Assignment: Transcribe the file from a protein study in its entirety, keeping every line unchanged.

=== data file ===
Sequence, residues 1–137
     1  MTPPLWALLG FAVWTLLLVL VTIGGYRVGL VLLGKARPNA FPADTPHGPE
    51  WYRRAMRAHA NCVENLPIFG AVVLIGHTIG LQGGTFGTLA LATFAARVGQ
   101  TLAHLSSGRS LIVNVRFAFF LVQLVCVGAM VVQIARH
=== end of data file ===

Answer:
Sequence, residues 1–137
     1  MTPPLWALLG FAVWTLLLVL VTIGGYRVGL VLLGKARPNA FPADTPHGPE
    51  WYRRAMRAHA NCVENLPIFG AVVLIGHTIG LQGGTFGTLA LATFAARVGQ
   101  TLAHLSSGRS LIVNVRFAFF LVQLVCVGAM VVQIARH